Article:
Business

Freight markets are on fire now

Boeing’s senior management highlighted the importance that cargo now plays in the aerospace industry, almost two years after travel virtually ceased due to the coronavirus pandemic.

“Freight markets are on fire right now. This is where we see real growth, ”Boeing executive vice president Stan Deal told CNBC’s Dan Murphy at the Dubai Air Show on Sunday.

The company announced plans to add three conversion lines to its 737-800BCF in North America and Europe. These are businesses that are converting planes into freighters and will be located at KF Aerospace in Canada and London’s Gatwick.

Deal’s comments came a day after Boeing said it was in preliminary negotiations for the sale. cargo version of the future liner 777X… Ihssane Munir, senior vice president of commercial sales and marketing at Boeing, told Reuters on Saturday that this is “being discussed quite actively with a number of customers.”

“The [777X freighter] looks good in terms of design and requirements. “

A worker checks cargo in the cargo hold of a Boeing Co 777-300ER passenger aircraft operated by Air France-KLM before flying to Los Angeles, USA, at Charles de Gaulle Airport in Roissy, France, Monday, May 10, 2021.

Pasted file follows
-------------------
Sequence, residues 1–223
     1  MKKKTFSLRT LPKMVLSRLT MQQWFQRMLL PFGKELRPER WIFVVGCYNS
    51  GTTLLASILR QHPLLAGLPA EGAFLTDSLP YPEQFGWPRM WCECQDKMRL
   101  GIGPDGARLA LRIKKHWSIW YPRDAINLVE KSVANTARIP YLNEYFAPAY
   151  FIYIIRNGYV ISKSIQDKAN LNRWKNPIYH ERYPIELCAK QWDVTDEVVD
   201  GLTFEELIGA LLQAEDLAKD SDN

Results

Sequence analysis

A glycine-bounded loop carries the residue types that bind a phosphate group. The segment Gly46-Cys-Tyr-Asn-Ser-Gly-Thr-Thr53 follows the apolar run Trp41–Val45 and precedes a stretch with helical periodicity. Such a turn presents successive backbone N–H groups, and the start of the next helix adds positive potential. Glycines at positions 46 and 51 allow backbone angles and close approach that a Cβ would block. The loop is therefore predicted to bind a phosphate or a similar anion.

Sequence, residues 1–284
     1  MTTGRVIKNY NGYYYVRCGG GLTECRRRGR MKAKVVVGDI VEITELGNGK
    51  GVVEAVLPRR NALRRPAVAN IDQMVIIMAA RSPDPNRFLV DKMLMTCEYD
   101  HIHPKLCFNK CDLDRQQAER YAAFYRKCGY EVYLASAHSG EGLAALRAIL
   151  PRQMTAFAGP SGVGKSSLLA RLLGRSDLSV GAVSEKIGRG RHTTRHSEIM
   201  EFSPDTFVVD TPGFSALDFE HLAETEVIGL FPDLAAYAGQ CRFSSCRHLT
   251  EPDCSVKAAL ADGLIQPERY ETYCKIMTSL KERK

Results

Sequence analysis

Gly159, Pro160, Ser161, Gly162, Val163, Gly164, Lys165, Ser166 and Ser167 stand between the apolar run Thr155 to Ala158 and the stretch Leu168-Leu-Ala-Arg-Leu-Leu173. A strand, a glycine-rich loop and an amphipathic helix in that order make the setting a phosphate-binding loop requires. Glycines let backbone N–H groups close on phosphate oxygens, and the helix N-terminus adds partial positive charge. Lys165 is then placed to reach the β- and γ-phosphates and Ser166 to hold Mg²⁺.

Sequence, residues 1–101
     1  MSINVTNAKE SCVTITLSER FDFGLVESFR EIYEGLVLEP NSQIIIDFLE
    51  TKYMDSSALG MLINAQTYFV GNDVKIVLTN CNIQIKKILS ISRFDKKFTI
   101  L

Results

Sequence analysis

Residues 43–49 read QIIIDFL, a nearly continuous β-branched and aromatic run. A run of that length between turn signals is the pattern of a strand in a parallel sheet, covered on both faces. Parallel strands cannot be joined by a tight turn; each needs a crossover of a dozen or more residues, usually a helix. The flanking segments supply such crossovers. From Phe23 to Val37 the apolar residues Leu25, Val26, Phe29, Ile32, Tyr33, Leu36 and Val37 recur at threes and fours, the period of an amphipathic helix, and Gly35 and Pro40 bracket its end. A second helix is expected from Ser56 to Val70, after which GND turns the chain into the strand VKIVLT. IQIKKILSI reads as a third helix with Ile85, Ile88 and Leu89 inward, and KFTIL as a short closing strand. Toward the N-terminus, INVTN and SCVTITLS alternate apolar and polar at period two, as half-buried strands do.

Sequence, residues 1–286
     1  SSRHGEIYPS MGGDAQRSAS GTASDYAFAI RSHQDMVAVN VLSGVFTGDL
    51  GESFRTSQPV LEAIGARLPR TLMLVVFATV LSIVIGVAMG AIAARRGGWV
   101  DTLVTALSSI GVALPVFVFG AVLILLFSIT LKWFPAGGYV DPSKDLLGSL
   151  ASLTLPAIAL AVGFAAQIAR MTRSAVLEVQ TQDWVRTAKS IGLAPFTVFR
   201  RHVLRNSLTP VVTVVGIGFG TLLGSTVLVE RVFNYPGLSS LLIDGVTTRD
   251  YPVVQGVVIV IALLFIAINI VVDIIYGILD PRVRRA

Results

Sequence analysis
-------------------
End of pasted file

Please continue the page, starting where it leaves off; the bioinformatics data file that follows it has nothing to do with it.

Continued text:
Nathan Lane | Bloomberg | Getty Images

Before the pandemic, a significant amount of cargo was transported in the belly of passenger aircraft. But after those planes were stopped as a result of travel restrictions, the industry focused instead on specialized cargo aircraft.

Many airlines have noted high freight volumes amid the pandemic. Indeed, according to Emirates Airline’s latest half-year profit, freight traffic increased 39%, almost reaching 2019 levels.

Recovery from a pandemic

More broadly, Deal added Sunday that Boeing expects new orders by the end of the year.

“Well, we’ve had a good year so far. This year we received about 309 new orders net, 720 gross. This is a pretty good start. And these discussions continue at this air show. It’s not over yet, we expect more. orders before the end of the year. And this will last until 2022, ”he said. Boeing has booked over 700 orders. in the period from 2014 to 2018.

“[2022] will be about growth. It is about continuing production on our narrow body, the 737 Max, in the wide body market, we will still see some continued recovery as international markets recover, ”he added.

Regarding the coronavirus pandemic, Deal said Boeing continues to monitor vaccination rates globally.

“We see this as the key to recovery. If you’ve watched every home market recover, it does pretty well with vaccine vaccination rates. And now there is talk of a third vaccine that people around the world are using, ”he said. … “So I think we will see further vaccine diffusion that will give impetus and build public confidence in recovery.”

—Dan Murphy of CNBC contributed to this article.


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